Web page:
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BIDEN's Second Chance Act Signed Into Law

Press Release

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Location: Washington, DC


BIDEN's Second Chance Act Signed Into Law

New Law Will Help Prevent Ex-Offenders from Becoming Repeat Offenders

This morning, the President signed into law U.S. Senator Joseph R. Biden, Jr.'s (D-DE) Reducing Recidivism and Second Chance Act of 2007 (H.R. 1593), legislation designed to reduce the number of convicted felons who become repeat offenders. The Second Chance Act will help make communities safer and ensure that former offenders successfully transition back into society by providing states and nonprofit prisoner-reentry organizations funding for ex-offenders to get job training, literacy training, substance-abuse treatment, counseling, education, housing and mentoring services upon release.

"Our current system is broken," said Sen. Biden, Chairman of Senate Judiciary Committee on Crime and Drugs. "Unfortunately, many ex-offenders return to prison over and over again - the door is often a revolving one. The only way to close it, is to open another one. That's what this legislation does."

Specifically, the Reducing Recidivism and Second Chance Act of 2007 authorizes a total of $330 million to:

* Improve existing State and local government offender reentry programs by authorizing $55 million annually for the Department of Justice's State and local grant program, incorporating best practices from the reentry field, and requiring the measuring and reporting of performance outcomes;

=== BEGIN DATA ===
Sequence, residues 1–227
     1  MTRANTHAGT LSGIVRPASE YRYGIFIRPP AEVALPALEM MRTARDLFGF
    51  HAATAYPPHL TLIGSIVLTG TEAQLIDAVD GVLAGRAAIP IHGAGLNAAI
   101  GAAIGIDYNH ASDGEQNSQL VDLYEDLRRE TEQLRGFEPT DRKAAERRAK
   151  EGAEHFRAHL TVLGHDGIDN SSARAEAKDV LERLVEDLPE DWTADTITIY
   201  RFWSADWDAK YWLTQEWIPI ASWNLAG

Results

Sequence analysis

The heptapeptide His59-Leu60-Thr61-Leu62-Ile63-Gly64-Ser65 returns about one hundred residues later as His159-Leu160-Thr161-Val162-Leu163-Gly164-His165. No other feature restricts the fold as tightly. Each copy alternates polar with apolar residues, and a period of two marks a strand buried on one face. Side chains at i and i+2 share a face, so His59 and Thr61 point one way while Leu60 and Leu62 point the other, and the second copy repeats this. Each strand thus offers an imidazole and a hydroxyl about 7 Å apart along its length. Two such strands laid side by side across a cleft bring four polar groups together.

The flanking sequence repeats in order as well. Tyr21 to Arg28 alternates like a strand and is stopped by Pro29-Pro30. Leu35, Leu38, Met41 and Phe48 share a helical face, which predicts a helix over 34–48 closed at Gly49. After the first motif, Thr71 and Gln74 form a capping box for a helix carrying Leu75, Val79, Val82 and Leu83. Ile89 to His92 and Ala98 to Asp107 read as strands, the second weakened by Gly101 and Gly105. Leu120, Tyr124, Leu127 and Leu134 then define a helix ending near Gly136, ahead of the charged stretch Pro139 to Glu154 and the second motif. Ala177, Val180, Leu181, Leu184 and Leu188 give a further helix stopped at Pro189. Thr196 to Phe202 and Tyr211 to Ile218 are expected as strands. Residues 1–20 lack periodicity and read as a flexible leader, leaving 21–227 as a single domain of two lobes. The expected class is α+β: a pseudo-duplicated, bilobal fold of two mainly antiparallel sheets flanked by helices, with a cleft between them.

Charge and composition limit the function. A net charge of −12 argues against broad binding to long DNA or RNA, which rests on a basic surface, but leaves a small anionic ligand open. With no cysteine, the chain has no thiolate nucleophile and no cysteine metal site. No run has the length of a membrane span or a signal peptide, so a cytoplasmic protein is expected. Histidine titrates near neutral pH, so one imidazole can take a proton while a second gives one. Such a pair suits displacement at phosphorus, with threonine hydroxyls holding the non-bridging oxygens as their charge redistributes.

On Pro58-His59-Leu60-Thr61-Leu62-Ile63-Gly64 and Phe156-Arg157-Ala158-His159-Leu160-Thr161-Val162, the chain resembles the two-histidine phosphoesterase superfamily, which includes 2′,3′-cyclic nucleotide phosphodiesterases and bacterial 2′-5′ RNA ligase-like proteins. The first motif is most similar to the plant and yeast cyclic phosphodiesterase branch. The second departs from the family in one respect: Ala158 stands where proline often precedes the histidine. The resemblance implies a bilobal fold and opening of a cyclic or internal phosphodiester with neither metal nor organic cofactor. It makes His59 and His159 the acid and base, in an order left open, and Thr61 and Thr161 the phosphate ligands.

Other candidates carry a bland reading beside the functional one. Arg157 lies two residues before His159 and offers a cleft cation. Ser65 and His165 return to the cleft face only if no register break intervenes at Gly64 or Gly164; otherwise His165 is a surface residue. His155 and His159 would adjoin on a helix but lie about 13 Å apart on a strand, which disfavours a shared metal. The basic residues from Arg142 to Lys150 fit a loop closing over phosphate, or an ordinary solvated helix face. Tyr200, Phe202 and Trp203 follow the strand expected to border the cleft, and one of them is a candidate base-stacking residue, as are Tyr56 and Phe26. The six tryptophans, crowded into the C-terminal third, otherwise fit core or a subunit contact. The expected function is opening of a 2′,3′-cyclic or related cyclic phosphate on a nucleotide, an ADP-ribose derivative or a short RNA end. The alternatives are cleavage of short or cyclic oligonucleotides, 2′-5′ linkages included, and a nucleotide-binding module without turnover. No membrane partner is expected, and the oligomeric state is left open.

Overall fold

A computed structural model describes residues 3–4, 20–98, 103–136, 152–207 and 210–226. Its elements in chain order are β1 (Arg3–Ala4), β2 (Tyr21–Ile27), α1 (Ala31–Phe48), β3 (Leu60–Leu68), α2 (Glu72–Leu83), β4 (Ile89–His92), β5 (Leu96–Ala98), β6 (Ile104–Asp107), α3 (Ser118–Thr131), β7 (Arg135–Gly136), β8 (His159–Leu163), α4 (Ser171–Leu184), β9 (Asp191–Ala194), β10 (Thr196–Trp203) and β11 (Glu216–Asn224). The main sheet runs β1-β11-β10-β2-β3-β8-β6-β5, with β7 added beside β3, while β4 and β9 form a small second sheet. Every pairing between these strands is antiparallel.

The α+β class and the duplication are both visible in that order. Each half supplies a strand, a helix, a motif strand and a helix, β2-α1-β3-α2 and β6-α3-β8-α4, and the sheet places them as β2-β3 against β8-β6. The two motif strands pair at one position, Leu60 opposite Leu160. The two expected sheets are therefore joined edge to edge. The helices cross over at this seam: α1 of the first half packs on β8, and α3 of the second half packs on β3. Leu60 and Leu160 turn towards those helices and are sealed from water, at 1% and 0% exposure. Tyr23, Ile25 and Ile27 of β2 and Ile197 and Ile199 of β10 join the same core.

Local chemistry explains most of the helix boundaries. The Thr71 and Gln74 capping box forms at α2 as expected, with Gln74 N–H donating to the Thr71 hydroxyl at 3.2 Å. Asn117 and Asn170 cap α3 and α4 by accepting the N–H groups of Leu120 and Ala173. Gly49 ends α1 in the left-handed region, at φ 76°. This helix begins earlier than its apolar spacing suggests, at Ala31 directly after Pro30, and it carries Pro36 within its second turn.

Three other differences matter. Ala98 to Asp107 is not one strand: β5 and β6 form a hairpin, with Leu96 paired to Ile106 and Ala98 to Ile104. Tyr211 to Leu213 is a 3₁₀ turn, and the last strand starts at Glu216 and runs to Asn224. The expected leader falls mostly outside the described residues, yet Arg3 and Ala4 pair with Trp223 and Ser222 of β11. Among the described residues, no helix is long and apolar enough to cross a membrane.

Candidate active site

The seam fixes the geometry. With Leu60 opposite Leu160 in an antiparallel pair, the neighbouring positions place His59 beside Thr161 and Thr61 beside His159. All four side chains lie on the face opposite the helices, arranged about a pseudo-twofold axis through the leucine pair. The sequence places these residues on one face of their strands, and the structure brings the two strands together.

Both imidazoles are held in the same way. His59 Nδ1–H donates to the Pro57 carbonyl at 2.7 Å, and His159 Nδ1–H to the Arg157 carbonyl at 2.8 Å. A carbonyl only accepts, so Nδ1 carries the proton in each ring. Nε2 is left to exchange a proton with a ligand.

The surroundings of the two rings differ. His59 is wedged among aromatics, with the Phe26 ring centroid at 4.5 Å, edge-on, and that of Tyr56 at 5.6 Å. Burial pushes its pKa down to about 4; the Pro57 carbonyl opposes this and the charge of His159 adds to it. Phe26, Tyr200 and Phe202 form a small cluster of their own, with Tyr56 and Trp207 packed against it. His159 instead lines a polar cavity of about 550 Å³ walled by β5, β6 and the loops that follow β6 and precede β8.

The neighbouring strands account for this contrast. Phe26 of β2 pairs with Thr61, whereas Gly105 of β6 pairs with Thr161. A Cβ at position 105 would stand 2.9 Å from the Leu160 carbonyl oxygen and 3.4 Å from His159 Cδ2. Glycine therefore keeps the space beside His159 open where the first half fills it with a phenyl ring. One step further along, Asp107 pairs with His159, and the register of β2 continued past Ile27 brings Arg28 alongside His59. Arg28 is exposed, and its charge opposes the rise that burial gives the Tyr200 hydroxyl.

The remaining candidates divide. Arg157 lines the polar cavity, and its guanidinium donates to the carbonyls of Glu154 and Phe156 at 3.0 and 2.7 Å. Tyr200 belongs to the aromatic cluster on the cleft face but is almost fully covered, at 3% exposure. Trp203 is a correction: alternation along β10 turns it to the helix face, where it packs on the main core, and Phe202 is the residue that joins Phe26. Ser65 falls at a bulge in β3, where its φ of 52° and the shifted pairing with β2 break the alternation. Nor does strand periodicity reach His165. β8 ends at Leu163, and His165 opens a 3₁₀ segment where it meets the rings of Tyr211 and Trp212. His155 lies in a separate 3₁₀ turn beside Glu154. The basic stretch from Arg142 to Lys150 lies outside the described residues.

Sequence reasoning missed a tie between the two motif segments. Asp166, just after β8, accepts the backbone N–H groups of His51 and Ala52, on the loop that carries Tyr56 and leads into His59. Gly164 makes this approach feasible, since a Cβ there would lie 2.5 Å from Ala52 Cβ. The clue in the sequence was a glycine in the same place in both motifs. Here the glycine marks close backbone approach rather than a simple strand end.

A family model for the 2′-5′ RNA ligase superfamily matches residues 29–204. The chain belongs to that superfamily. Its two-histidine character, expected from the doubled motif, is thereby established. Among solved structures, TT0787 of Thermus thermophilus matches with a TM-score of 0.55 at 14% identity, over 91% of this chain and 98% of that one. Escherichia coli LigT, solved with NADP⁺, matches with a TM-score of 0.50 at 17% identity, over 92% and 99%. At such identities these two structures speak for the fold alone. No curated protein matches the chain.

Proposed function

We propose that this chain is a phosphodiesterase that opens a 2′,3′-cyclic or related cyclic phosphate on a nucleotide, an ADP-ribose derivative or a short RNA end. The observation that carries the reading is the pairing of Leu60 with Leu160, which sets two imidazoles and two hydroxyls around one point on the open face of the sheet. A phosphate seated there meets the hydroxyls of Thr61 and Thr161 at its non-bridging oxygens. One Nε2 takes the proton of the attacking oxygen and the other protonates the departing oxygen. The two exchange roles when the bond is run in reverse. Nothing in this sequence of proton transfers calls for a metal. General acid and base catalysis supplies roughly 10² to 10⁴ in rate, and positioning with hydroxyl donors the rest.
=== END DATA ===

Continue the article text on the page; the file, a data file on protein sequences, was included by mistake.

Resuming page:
* Create new competitive grants for innovative programs to reduce recidivism and funds for research and best practices. The bill authorizes $115 million each year in new grants for State and local governments and private entities to develop and implement comprehensive substance abuse treatment programs, academic and vocational education programs, housing and job counseling programs, mentoring for offenders who are approaching release or those who have been recently released, and research relating to innovative drug treatment methods, causes of recidivism, and methods to improve education and vocational training during incarceration. The bill requires grantees to establish performance goals and benchmarks and report performance outcomes to Congress; and

* Strengthen the Bureau of Prisons' ability to provide reentry services to federal prisoners and establish an elderly non-violent offender pilot program.

According to Sen. Biden, the Second Chance Act of 2007 could eventually save American taxpayers hundreds of millions of dollars, given that, on average, the annual cost of incarcerating a prisoner exceeds $20,000 - a number that increased six-fold between 1982 and 2002.

"A relatively modest investment in offender reentry efforts compares very well with the alternative - building more prisons for these ex-offenders to return to if they are unable to successfully reenter their communities," added Sen. Biden. "An ounce of prevention, as they say, is worth a pound of cure."

In the Senate, Sen. Biden's legislation passed unanimously on March 11 and had 34 cosponsors, including Sens. Arlen Specter (R-PA), Sam Brownback (R-KS) and Patrick J. Leahy (D-VT). The Second Chance Act also has tremendous support from over 200 local and national organizations, including a wide cross-section of civil rights, justice, faith-based and community organizations. The American Bar Association, the Council of State Governments, the Justice Fellowship, the Leadership Conference on Civil Rights and the NAACP, among others, have been instrumental partners in ensuring that this legislation offers ex-offenders hope for the future.


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